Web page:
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Moore: 5 Seahawks veterans who could be cut before the 2020 season

Seahawks C Justin Britt will attempt to come back from a torn ACL in 2020. (Getty)

As of now, the Seahawks have $44.6 million in salary-cap space after signing tight end Greg Olsen last month. A big chunk of that space will be eaten up if they sign Jadeveon Clowney to a long-term free-agent contract, a move I’m not in favor of.

Seahawks may need help on O-line more than D-line

If they re-sign Clowney, they still won’t have a legitimate prototypical pass-rusher and will be cash-strapped to fill other needs as well. But general manager John Schneider has some intriguing options to increase the salary cap. He could cut five players entering the last year of their contracts and free up around $20 million, almost enough to sign Clowney if that’s what they hope to do.

Let’s take a closer look at five players who could be cut or have their salaries restructured.

Justin Britt, center

Turns 29 in May. Tore ACL in October in Atlanta but is expected to be ready to go for the 2020 season. Has a base salary of $8.25 million in 2020 and an $11.67 million cap hit. He is projected to be the third-highest paid center in the league, and as good as he’s been, he doesn’t warrant having that kind of a paycheck. The Seahawks could save $8.75 million against the cap by releasing him.

But would you be OK with Joey Hunt replacing him as the permanent starter? Or Ethan Pocic? Or someone else, maybe a free agent? It seems like most thought that Hunt was passable but didn’t look like an above-average long-term starter. And Pocic is a long-shot of a candidate based on subpar play in his first three years.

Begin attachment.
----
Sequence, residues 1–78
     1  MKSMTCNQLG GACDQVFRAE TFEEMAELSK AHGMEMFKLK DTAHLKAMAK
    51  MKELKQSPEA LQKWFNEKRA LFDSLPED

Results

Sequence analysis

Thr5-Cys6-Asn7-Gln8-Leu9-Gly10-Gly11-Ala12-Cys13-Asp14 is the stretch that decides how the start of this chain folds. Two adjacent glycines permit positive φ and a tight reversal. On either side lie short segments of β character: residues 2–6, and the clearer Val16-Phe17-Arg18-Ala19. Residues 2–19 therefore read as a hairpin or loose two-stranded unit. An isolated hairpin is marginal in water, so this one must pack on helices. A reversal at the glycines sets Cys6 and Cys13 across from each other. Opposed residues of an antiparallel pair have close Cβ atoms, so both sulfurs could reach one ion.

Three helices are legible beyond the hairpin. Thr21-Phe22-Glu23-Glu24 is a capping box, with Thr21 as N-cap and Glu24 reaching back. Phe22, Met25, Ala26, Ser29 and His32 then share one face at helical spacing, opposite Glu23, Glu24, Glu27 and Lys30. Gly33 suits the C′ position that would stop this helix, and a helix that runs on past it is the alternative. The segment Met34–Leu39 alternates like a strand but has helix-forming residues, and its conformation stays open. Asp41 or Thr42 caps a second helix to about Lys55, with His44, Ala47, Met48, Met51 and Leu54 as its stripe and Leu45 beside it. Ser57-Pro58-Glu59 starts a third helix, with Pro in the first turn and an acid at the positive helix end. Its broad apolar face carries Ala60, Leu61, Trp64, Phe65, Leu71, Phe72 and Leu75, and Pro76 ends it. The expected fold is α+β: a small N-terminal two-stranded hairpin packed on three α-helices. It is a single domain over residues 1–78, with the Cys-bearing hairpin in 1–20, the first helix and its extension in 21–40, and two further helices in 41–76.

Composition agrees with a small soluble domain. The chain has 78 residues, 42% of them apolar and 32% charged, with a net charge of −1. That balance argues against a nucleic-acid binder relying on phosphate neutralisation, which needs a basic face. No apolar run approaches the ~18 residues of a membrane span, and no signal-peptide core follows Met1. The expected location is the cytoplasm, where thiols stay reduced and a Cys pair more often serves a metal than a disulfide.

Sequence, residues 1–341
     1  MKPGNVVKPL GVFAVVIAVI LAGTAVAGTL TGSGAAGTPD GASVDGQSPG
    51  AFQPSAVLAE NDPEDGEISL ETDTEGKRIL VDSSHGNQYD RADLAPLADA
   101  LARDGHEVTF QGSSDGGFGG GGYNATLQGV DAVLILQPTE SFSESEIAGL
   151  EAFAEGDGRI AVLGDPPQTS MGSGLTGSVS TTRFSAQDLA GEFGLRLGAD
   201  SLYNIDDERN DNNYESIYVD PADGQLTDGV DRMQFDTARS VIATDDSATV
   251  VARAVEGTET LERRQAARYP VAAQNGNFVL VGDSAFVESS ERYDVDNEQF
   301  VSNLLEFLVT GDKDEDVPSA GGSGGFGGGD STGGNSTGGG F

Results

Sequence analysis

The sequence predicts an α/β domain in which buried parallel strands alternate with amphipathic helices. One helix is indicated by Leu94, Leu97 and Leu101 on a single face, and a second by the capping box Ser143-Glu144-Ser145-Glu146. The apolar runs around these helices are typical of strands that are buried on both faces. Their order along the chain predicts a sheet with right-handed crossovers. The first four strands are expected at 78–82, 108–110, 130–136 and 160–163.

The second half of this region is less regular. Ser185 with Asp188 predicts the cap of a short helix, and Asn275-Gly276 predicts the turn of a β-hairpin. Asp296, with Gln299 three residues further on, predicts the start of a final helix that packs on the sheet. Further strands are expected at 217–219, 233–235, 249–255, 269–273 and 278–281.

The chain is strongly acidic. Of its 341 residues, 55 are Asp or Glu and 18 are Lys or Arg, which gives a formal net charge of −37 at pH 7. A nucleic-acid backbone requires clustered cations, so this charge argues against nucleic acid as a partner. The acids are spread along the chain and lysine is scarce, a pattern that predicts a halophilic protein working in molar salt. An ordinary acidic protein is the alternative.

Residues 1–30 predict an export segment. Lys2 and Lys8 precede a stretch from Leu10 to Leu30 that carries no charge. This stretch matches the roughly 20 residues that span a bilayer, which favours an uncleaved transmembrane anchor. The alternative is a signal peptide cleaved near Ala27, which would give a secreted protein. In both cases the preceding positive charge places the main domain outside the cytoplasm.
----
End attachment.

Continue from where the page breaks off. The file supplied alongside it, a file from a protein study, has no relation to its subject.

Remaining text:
Verdict: I’d try to restructure his contract and bring him back.

K.J. Wright, linebacker

Will be 31 when season starts. Had a good 2019 season. Remained healthy after a 2018 season marred by a knee injury. Has a $5 million base salary in 2020 and a $10 million cap hit.

Verdict: I love him, but it’s time to move on and go with younger players such as Cody Barton and Ben Burr-Kirven. There’s no doubt about Barton’s ability to start in the NFL, but questions remain about Burr-Kirven. I’d roll the dice and cut Wright.

Ed Dickson, tight end

Has been here two years but you’d hardly know it. Played well in short stints in 2018 but never got on the field last year. Scheduled to make $3 million this year.

Verdict: Easy decision to cut Dickson. Seahawks appear good to go at tight end with signing of Olsen and hopefully healthy return of Will Dissly. Jacob Hollister is a restricted free agent and also likely to return.

Bradley McDougald, safety

Seattle’s strong safety has $3.6 million salary in 2020 with $5.4 million cap hit. Turns 30 in November.

Verdict: I’d keep him. You could make the argument that Marquise Blair could replace him in 2020. But as a rookie in 2019, Blair didn’t show enough to justify playing full-time. Everyone liked the second-rounder’s big hits, but there was something missing in his overall game. Maybe he’ll flash more this year than he did in 2019, but I wouldn’t bet on it, and McDougald has been a solid starter.

D.J. Fluker, guard

Turns 29 on March 13. Right guard has a $2 million base salary in 2020 with a $3.4 million cap hit.

Verdict: Another keeper, but I could be talked out of this more than McDougald. Fluker’s a road grader in the run game, but you wonder about him holding up for another season. You’ve got capable candidates to replace him in Jamarco Jones and Phil Haynes, but those players might be needed to replace Mike Iupati at left guard if he leaves in free agency.

Another player to keep an eye on: Bobby Wagner, linebacker

Signed a three-year, $54 million contract with $40 million guaranteed last year. Has a $10.75 million salary in 2020 with a $14.75 million cap hit. Averaging $18 million a year, Wagner had a good 2020 season but didn’t offer bang for the buck, making only a handful of significant plays. If his 2020 season matches his 2019 season, he’ll be in line for a restructured contract in 2021.

Follow 710 ESPN Seattle’s Jim Moore on Twitter.

More from Jim Moore:

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